I want to take intentional time away from screens. I know it would be good for me. I find myself scrolling too much. I even do it before bed and as I wake up in the morning. It’s got me a little strung out, to be honest.

Tiffany Shlain’s book, 24/6: Giving Up Screens One Day a Week to Get More Time, Creativity and Connection, has inspired me to get away from screens. Part memoir, part history of Sabbath practices and part survey of the neuroscience behind getting away from screens, this book advocates for and gives suggestions on how to get away from screens 24 hours out of each week. It’s a practice she calls a Tech Shabbat (named after the Jewish term for the weekly Sabbath).

There are many compelling reasons for getting away from screens – reduced anxiety and stress, improved eyesight and posture – not to mention the many benefits we get from resting in general.

Shlain also mentions some other compelling benefits that did not seem as obvious to me at first:

Empathy. She sites many studies that tell us our interaction with screens comes at the expense of developing human connection through our eyes. “Using our eyes to look at technological tools has its purpose – but it can come at the expense of our best tool: our eyes’ ability to read and interpret faces and body language in real life,” Shlain writes.

Character. Developing positive character traits takes time. Setting aside 24 hours to be away from screens and taking time for yourself and those who matter to you – face to face – is developing character. “Tech Shabbat gives us time to foster the best aspects of our family and ourselves and to strengthen our ability to detach from the animal instinct network known as the Web,” she writes.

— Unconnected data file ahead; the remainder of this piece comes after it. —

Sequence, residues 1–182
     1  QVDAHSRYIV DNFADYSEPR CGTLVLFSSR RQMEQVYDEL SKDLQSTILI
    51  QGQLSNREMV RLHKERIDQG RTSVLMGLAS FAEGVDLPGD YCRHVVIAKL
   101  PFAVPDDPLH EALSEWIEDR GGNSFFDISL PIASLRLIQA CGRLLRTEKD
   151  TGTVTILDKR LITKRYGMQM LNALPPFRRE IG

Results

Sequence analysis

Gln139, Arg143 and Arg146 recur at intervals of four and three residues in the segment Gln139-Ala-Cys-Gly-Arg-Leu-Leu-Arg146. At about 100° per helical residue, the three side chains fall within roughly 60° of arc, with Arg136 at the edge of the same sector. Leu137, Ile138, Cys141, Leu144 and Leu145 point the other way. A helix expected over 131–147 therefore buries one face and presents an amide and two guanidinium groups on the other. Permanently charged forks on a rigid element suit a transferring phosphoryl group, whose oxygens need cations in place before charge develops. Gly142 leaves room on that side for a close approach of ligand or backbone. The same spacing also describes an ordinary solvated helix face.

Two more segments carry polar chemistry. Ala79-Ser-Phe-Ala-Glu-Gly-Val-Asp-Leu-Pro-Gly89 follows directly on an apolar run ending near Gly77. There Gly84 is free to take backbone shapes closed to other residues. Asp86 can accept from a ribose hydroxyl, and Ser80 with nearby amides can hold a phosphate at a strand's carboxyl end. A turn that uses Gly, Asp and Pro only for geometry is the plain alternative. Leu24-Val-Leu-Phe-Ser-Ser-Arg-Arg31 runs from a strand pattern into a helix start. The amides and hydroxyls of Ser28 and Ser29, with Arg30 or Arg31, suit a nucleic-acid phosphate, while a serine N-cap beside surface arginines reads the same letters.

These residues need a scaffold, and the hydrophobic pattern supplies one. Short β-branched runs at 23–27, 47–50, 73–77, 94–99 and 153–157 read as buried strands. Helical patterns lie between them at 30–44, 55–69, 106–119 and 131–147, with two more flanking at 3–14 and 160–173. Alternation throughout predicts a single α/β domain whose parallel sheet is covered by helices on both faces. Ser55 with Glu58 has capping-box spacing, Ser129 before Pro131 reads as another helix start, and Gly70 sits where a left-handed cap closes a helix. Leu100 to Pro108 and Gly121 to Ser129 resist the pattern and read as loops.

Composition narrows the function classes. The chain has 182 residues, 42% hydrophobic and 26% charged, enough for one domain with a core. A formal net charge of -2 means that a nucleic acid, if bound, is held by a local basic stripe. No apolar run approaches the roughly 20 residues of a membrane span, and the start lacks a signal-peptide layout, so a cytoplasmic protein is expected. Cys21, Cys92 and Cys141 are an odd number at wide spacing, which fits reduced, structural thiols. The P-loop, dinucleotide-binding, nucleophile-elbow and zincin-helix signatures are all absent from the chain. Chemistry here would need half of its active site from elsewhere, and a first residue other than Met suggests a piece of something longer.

I know from my years of yoga practice that my body, mind and soul function much better with a short practice each day. I also did a silent retreat as part of my most recent teacher training. I gave up screens for almost 48 hours that time and did NOT want to return to the real world after that.

I’m going to continue working on finding a way to take that day off. For now, I am also going to embrace a few of the daily practices she suggests for anytime in the week:

Resist the urge to look at your phone when you are waiting. Try interacting with the world around you, or just do nothing instead.

Set timers or other boundaries around your screen time. Focus setting exist on most major platforms that help you reign in notifications on your phone and computer. Here are some directions for Apple IOS, Android, and Microsoft Teams.

Schedule times of quiet rest throughout the day. Go outside or stare out a window during lunch, go for walks (even if short ones), or try some journaling, painting or coloring.

Practice the Pomodoro Technique. This is a suggestion I learned recently from my coach Becky Mollenkamp. You simply work for 25 minutes, then take a 5-minute break, then repeat. My body is so much happier and I’m more productive when I work using this technique. I’m getting away from my screen for at least 5 minutes each half hour.

Ready to change your life for the better?

Do you want to explore this practice and the book? I’m hosting a book discussion of this great read on Thursday, Aug. 25, at 7 p.m. EDT. Technically, registration has closed, but if you want to come, email me and I’ll send you the link to our Zoom meeting. 

And each month’s community care group coaching session focuses on practice, like Tech Shabbat, that help you establish good self-care habits. My next session is Thursday, Sept. 15, at 1 p.m. EDT. Register for the session, or be part of any level of my Defy the Trend community packages to get access to this monthly session.